Where has the time gone? I find myself asking that question far too often. We last left you with the news that we bought a church in Alma, Nebraska. After the closing, we drove back to Sanibel in Marathon, Florida and resumed life as we’ve know it for the last four years.
Our plan was to sell Sanibel and move to Nebraska to begin renovations on the church. After returning to Sanibel and realizing how much we would miss her, we decided to take a different approach. With Jimi not liking the cold winters up North and me not liking the hot summers down south with no climate control, we will become ‘snow birds’. Summers in Nebraska with air conditioning and a chance for Jimi to chip away at anticipated renovations and warm sunny winters on Sanibel along the East coast of the U.S.
This year we’re putting Sanibel on dry dock in Jacksonville, Florida. Our goal is to get there by mid-May. We’ve already delivered the van there waiting for our arrival. As of today, we have 300 nautical miles to go. That means we must sail about 43 miles (approx. 10 hours) each week.
Before we left Marathon, our friend, Juraj came out for a weekend visit. It’s always good to see friends and, though short, we enjoyed our time with him.
Jimi and Juraj took the paddle boards in to the mangroves.
Juraj had fun swinging off the halyard.
We took bicycles to Key West and biked around for the day. Interesting - this larger than life statue is different than the one that stood here just two months earlier.
We went to an Art Festival and found these creatures. A tortoise.
A Spiny Lobster.
A Sea Cucumber.
A Horse Conch.
A Brittle Starfish.
Sand Sculpture in the making.
We said our dreaded farewells to sailing buddy, Bob with a night out for supper.
Dinner with Bob before leaving. Shrimp served on the burger. it was actually yummy!
Jimi surprised me with flowers for no reason at all.
Then just over a week later it was valentines day. He bought roses and made me a salmon alfredo pasta dish from scratch.
We saw this in Jacksonville when we dropped the van off. It's a main fuel booster tank for a space shuttle that was never put to use.
Our first sail after leaving Marathon was a 35 nautical mile sail to Isla Mirada. We stayed one night and then continued on another 20 miles to Key Largo. Since there’s only one road down the Keys, the area very much resembled Marathon. We could walk a mile to a small shopping area where we visited the local library, K-Mart, a quaint coffee shop and a grocery store. Our final weekend there, we walked 2.3 miles to the laundromat. The area was more populated with many shops to my liking.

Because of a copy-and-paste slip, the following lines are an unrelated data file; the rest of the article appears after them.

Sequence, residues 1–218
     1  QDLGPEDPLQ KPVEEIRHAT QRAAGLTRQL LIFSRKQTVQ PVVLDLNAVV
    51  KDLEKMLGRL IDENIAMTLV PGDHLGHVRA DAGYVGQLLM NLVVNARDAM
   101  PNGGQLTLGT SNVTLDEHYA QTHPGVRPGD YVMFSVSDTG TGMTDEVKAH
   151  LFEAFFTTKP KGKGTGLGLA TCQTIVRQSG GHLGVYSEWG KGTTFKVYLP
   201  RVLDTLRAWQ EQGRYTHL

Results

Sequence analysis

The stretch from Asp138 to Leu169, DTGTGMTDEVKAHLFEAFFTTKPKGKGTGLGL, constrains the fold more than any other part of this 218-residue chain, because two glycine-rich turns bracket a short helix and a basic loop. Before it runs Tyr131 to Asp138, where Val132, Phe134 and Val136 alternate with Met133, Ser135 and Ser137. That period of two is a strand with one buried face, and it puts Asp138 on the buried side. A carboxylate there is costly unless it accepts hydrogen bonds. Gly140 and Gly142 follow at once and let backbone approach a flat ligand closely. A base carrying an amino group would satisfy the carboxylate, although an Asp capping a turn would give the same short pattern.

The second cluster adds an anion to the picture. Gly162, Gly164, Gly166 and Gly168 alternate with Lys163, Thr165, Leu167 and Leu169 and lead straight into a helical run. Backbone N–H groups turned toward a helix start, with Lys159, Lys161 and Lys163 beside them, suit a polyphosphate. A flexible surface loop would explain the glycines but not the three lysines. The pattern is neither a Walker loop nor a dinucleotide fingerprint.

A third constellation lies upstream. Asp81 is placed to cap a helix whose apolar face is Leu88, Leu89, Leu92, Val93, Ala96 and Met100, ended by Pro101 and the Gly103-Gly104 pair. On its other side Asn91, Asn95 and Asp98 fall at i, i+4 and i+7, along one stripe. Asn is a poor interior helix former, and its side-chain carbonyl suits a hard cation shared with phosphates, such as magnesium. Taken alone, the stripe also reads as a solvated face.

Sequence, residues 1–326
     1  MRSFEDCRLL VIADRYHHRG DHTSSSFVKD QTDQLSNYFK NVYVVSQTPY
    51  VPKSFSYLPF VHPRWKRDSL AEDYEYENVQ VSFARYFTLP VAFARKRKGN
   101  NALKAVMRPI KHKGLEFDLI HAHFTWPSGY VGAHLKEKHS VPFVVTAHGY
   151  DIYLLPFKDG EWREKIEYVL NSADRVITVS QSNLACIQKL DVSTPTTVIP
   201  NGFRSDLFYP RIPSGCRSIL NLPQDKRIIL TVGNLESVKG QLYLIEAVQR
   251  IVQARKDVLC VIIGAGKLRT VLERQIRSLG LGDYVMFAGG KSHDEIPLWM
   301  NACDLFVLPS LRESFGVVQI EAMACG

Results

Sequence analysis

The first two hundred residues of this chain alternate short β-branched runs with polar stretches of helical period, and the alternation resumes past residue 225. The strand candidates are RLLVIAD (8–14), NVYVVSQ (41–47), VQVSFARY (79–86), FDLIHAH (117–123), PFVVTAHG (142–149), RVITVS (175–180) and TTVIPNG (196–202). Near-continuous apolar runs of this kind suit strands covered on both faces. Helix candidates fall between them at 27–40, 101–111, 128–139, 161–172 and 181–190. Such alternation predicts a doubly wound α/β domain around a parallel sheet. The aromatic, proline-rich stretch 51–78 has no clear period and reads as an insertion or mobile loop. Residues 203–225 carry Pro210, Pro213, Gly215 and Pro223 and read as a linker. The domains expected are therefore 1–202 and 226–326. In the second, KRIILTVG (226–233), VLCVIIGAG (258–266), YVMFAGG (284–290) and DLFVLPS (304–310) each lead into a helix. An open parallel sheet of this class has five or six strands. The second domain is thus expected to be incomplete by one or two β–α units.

The Key Largo city buildings.
City dinghy dock at Key Largo.
Jimi caught a trout and then he cooked it and we ate it.
Coffee for two, please.
Our next sail was 17 nautical miles to the Southern end of Biscayne Bay in Miami. We anchored there one night and then sailed the additional 32 miles the following day. We stayed in Miami’s Biscayne Bay for a week. We never launched the dinghy, as there wasn’t anywhere we could really go or a dock to get on shore from.
Miami skyline from Sanibel.
I took this picture just after arriving. School of canoe boats practiced daily.
We had a bit of excitement upon our exit from Biscayne Bay. As we headed out for the next stop, we passed the Port of Miami. Two tugs were helping a container ship come in. As we got close, the tugs rotated perpendicular to the container ship to push it to the dock. We found ourselves in the wash of the tug boat and were thrown across the channel. Sanibel rocked like she’d never rocked before. I was below deck and even things safely stowed were flying. Following us was a 200 foot yacht who didn’t fare as well as we did. The wash from the tug boat spun the yacht all the way around and the yacht nearly wrecked into the container ship. He recovered and we all went on our away with a story to tell.
A container ship at the Port of Miami.
That’s not all this sail brought us. We went 30 miles on the outside. The sail was rough for both of us. Variable winds and pointing close to the wind made it difficult for Jimi to keep the sails full therefore he had to constantly babysit them. Anyhow, we arrived about six hours later, before dark, at Lake Sylvia in Fort Lauderdale. Jimi wasn’t happy with the conditions of the anchorage. The bay was packed and barely left any swing room. He stayed up nearly the whole night keeping watch. We would have left, except we had to get to the grocery store. We’d been without meat, most of our staples and were down to coffee, pasta and one potato. We found a grocery store the following day, stayed one more night and left early the next morning.
We decided to travel the intracoastal waterway and dealing with the bridges rather than waiting for a weather window on the outside. No more sailing for a while. We were now on the intracoastal waterway. This stretch brings us an average of a bridge every two miles for the next 40 miles. Most of the bridges open at certain times and others are opened upon request. We had to pass up one location we’d planned to anchor at because they were entirely too packed. We ended up motoring to Pelican Harbor and stayed there two nights, which gave Jimi some time to rest.
One of many bridges.
The bridge is opening.
We’re now another 15 miles up the coast at Mar-A-Lago in Palm Beach.
So far 17 bridges have opened to let us through. We’re finally getting away from the tourist population and into more relaxed surroundings.
In other news - Jimi and I are first time grandparents. My daughter, Jennifer gave birth to a beautiful, healthy girl on March 1st. We're excited to see her when we get to Nebraska.
She's a happy girl.
And so alert.